Vision of the Future
As well as developing specific applications, substantial effort is being directed at extending deep learning’s capabilities and maximising its impact. UCL’s Dr Iasonas Kokkinos is exploring how deep learning can optimise computer vision. “Traditionally, computer vision had been used in a select set of domains, such as security and surveillance, optical character recognition, inspection of industrial production lines, and image search and retrieval,” he says. “But over the past five years the advent of deep learning has dramatically improved the accuracy of computer vision systems – enabling applications that were originally treated as sci-fi.”
- In driverless cars, deep learning makes it easier for vision systems to track moving objects, to identify pedestrians, road signs and other vehicles, and to interpret the interactions between different elements of a car’s environment.
- In medical imaging, deep learning makes it easier for X-ray, MRI or ultrasound images to be assessed automatically, quickly and effectively, improving the speed and reducing the cost of disease diagnosis.
Iasonas is currently focusing on combining the different aspects of the challenge involved (3-D surface estimation, object detection etc.) into a single ‘universal’ vision system. “I’m exploring how all these sub-tasks could be unified, to save time and cut costs,” he explains. “That would encourage even greater use of computer vision, enhanced by deep learning, across an even wider range of applications.”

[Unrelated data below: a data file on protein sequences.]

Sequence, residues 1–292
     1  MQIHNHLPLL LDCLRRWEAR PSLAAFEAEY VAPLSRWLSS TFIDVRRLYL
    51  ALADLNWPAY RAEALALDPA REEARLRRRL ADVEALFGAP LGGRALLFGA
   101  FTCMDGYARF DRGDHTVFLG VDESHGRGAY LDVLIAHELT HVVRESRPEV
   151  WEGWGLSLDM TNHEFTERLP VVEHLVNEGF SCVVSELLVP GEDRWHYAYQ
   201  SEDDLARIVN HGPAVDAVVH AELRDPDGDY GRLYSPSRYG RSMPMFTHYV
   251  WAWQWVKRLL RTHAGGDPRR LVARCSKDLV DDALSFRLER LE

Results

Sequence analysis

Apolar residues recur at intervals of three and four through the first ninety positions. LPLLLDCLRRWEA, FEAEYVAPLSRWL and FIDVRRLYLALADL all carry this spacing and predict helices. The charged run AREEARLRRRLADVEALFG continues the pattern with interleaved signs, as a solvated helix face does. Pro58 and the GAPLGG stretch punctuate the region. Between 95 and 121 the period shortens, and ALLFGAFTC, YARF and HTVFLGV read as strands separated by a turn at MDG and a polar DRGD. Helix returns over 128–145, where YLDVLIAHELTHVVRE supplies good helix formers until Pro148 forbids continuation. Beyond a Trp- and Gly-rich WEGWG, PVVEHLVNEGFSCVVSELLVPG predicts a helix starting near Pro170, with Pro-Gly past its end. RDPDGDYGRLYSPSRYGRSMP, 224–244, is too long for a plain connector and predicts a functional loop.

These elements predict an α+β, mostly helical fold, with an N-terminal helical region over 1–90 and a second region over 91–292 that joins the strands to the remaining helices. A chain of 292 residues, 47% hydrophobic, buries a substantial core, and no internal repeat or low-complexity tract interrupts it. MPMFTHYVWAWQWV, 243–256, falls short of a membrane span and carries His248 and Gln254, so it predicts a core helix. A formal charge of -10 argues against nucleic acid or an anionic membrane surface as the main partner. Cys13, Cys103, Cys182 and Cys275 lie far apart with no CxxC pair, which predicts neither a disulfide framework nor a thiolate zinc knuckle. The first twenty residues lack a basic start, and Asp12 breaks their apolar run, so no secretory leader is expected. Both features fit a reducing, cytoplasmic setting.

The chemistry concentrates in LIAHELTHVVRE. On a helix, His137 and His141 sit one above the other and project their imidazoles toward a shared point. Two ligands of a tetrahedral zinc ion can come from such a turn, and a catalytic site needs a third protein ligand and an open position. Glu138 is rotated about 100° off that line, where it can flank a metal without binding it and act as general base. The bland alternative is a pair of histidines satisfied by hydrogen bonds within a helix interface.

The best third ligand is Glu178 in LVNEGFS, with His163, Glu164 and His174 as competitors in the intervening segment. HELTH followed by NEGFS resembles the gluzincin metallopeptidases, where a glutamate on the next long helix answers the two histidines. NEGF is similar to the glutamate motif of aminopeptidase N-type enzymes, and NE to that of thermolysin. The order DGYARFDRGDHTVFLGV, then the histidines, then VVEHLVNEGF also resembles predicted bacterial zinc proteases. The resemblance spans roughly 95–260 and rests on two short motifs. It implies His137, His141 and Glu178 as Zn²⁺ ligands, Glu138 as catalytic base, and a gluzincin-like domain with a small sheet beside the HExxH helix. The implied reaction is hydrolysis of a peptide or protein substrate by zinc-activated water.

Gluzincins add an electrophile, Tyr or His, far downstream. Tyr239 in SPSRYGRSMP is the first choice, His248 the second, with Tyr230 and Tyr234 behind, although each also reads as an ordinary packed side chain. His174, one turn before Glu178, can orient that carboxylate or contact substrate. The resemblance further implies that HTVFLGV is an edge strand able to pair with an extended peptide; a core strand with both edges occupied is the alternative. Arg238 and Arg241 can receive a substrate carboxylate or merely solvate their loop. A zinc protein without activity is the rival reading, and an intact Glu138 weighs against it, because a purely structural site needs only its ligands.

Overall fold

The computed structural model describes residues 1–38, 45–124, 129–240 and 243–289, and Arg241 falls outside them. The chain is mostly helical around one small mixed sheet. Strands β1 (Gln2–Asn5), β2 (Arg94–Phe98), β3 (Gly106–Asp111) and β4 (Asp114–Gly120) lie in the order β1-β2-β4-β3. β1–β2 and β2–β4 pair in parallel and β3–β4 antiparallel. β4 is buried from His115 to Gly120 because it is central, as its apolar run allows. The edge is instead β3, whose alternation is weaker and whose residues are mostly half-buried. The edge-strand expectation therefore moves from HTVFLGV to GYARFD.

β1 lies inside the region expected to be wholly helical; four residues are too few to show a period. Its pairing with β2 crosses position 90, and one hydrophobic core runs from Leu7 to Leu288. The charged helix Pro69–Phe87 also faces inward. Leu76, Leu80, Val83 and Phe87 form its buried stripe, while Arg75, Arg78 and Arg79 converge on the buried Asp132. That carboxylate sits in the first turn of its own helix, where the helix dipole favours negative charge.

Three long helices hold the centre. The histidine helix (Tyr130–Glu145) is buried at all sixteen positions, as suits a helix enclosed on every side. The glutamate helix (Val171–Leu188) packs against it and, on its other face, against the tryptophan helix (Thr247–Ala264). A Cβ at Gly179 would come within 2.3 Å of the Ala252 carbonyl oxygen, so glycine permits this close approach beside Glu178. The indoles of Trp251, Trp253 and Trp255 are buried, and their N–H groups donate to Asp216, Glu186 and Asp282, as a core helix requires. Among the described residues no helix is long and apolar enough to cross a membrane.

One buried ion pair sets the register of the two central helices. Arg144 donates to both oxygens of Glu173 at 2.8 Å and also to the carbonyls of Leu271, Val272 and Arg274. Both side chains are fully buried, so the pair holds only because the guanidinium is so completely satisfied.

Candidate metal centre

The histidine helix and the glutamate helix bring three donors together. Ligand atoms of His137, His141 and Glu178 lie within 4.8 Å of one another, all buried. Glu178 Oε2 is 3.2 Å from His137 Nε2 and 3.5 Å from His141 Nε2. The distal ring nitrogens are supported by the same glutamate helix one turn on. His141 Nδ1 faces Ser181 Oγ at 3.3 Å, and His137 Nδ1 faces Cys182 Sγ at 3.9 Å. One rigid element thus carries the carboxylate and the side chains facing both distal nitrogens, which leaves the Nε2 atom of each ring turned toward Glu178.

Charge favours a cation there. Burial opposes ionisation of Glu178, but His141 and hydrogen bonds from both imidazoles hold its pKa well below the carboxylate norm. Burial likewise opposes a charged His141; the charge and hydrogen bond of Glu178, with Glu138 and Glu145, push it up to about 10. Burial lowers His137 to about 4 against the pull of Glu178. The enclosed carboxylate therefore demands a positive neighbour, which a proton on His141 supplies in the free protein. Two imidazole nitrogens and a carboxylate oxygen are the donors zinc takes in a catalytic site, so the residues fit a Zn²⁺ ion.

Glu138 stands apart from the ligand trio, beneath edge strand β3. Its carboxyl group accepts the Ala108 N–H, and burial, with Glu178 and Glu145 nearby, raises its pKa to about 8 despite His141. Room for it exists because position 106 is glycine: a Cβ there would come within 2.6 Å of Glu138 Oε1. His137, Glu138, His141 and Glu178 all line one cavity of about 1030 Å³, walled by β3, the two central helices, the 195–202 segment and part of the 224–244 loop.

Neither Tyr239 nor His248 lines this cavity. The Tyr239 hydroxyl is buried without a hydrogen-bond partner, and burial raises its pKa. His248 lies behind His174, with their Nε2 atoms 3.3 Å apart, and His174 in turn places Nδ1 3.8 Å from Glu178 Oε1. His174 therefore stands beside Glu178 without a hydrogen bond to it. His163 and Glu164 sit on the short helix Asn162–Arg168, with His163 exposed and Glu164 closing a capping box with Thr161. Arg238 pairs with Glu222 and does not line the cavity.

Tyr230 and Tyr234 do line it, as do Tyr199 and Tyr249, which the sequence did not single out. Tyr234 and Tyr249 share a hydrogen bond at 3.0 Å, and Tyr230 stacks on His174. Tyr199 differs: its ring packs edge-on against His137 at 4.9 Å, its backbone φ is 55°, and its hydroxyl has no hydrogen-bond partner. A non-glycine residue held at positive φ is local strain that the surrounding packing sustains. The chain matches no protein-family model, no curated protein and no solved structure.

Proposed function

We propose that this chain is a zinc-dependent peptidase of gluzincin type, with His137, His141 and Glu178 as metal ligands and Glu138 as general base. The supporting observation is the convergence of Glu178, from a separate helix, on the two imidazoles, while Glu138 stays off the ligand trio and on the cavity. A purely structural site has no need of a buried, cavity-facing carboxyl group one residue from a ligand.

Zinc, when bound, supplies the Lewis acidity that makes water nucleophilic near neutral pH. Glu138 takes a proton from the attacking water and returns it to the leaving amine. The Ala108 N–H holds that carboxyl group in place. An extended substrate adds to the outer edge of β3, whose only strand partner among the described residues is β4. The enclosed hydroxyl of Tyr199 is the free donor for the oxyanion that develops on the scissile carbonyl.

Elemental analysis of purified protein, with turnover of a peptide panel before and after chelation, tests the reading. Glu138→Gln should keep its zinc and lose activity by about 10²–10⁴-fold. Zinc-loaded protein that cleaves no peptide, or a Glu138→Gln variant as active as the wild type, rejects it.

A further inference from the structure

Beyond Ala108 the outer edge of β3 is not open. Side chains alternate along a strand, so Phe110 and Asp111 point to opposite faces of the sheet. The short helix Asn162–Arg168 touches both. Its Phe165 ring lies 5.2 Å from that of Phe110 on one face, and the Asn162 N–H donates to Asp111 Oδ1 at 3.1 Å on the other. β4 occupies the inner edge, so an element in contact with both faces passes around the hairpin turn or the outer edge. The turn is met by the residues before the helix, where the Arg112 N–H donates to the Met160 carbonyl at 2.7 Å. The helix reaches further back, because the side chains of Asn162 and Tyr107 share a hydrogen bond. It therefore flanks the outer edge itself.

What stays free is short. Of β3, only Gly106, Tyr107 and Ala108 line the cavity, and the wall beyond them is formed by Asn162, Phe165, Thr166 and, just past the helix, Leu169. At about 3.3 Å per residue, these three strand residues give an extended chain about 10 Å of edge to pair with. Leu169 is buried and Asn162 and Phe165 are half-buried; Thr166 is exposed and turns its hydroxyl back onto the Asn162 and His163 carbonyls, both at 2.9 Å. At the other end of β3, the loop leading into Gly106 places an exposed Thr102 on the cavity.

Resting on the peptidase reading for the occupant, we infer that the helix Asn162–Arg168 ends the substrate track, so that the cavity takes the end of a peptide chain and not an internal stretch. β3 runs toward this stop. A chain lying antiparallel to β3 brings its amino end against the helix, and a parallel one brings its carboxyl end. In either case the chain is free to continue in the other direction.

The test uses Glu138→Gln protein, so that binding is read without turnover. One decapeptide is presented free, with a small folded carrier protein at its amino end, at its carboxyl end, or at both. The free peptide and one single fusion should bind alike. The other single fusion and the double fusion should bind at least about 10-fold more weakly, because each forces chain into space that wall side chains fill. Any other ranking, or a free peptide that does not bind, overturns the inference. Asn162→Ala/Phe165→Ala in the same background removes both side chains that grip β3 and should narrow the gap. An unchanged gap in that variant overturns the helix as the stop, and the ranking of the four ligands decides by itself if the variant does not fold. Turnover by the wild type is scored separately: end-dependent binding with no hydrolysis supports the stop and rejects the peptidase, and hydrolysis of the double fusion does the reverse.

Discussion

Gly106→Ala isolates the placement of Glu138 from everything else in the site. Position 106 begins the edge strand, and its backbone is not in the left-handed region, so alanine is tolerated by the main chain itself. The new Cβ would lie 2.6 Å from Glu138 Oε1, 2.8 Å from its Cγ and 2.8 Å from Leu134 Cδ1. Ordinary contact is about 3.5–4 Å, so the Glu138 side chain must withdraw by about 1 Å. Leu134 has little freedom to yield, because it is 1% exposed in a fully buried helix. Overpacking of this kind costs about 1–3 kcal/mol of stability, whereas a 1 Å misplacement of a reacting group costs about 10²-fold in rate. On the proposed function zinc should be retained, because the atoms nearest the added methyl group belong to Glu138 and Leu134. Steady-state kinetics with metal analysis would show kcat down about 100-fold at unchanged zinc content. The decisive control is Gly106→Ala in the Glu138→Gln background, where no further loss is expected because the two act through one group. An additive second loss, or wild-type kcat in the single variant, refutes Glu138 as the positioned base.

The Computing Question
The significance and future potential of deep learning can scarcely be exaggerated. Nor can the key role played by recent advances in computing in terms of delivering the sheer computational power that deep learning depends on. Most crucial of all has been the emergence of GPU (graphics processing unit) technology over the last few years.
“A single GPU card can do the same work as ten, twenty or thirty conventional core processing unit (CPU) computers, cutting the time taken by processing tasks from weeks to hours,” Iasonas Kokkinos says. “For me, as a researcher working in the field of deep learning, a key question is always ‘how many GPU cards can I access and when?’ Delays inevitably hold up the whole research process.”
Boosting GPU capacity available to UK researchers is therefore vital to enabling continued progress in deep learning, and in many other disciplines. That’s why initiatives such as JADE (Joint Academic Data science Endeavour) are so significant. Led by the University of Oxford and also involving King’s College London, Queen Mary University of London, the University of Southampton and UCL, plus three other UK universities, the consortium will establish a new high-performance computing facility based on leading-edge GPU technology. With a focus on meeting the needs of machine learning, this major development will only deepen the pool of possibilities and broaden the pipeline of breakthroughs that deep learning delivers in the years ahead.
Dr Delmiro Fernandez-Reyes
Department of Computer Science
University College London
Dr Iasonas Kokkinos
Department of Computer Science
University College London